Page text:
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A followup with New Jersey business owners about smoking ban

Sunday, September 24, 2006-On April 15, 2006, New Jersey joined 43% of the country by enforcing legislature that bans smoking in bars and restaurants, while still allowing smoking in casinos. Customers now have to walk outside to light up, which, in some places, such as some local colleges and businesses, have had their own respective restrictions placed on them. This measure extended to bars within hotels as well, though some hotels were allowed to maintain smoking rooms. Six months later, bartenders and customers are still talking about the law.
Susan Volek, the manager of the bar in the Sheraton Hotel in Eatontown, New Jersey doesn’t see the smoking ban affecting business.
“Guests still make negative comments about the fact that people can smoke in the casinos and not bars.” Volek said Sunday. “I am a non smoker, but second hand smoke hasn’t phased me in the 25 years I’ve been working in the bar industry.”
Regardless of the fact that many bar tenders do not smoke themselves, they see smoking as a personal choice, and not something that should be regulated by the government.
Aaron Plant, a bartender at the Olive Garden in Eatontown, New Jersey, is a smoker who doesn’t believe that the smoking bill has deterred the customers, but understands why the state government would be harder on the bars than the casinos.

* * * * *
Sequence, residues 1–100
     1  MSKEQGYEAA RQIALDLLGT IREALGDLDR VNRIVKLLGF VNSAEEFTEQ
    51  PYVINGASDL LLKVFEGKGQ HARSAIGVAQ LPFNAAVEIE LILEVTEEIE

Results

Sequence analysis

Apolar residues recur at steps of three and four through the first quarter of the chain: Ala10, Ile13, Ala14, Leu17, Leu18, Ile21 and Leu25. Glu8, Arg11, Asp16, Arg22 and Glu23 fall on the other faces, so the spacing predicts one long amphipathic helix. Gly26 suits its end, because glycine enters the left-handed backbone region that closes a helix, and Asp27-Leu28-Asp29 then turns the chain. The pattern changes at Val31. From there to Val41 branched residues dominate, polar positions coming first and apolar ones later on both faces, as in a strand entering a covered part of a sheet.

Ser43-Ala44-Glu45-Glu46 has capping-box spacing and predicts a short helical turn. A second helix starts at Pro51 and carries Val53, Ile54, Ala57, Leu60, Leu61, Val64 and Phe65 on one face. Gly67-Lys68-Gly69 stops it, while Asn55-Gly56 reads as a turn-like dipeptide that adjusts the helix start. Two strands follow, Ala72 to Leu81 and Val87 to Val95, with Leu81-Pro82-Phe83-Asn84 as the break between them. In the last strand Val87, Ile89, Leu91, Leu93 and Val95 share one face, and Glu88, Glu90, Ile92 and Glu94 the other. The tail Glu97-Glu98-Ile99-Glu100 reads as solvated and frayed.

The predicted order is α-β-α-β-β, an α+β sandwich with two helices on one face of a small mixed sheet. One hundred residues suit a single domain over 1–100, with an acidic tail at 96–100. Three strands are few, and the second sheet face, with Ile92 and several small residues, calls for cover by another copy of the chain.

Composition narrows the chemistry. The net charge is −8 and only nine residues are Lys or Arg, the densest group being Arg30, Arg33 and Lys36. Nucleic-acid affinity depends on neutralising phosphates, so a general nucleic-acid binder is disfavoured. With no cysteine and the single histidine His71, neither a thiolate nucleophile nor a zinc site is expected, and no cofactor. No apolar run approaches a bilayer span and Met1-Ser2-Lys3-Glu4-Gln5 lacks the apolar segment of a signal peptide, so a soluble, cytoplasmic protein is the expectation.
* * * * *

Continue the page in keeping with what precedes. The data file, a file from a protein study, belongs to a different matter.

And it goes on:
“Of course people can still smoke in casinos; the revenue from casinos goes to the state.” Plant said Saturday. “What goes on in a restaurant should be the owner’s choice, just like the customers have a choice which place to go in.”
While those that work in hotels and restaurants don’t see a significant change in the revenue the businesses bring in, employees at local standalone bars have noticed small drop-offs in the amount of customers. “Some people like to smoke while they drink, it goes hand and hand.” said Linda Buck, bartender of Old Bridge Bar and Liquor on Monday. “Government regulations add animosity and inconvenience customers, make them want to stay home, where they can smoke.”
And while the federal and state governments have been banning smoking, they have not been setting up places outside for people to smoke.
“There are no safe areas set up by the government for people to smoke.” Buck said.
Any business who violates the act, called the New Jersey Smoke-Free Air Act, faces fines anywhere from $500-$2000. Lawmakers maintain that the only way this bill would have been passed was to exempt the state’s casinos. New Jersey is only the 11th state to enact the statewide ban, and the only state to make exceptions to certain establishments.
“This is the most important bill I will ever sponsor,” said sponsoring senator John H. Adler (D-Camden) in a January 18th Press release. “It will save thousands of lives every year.”
The bill, which was promoted in the interests of public health and saving lives, does not account for the nearly 48,000 casino workers in the state of New Jersey. Governor Richard J. Codey, while signing the Smoke Free Air Act into legislation, simultaneously signed a bill raising the tobacco purchasing age in New Jersey from 18 to 19.
John Keyser

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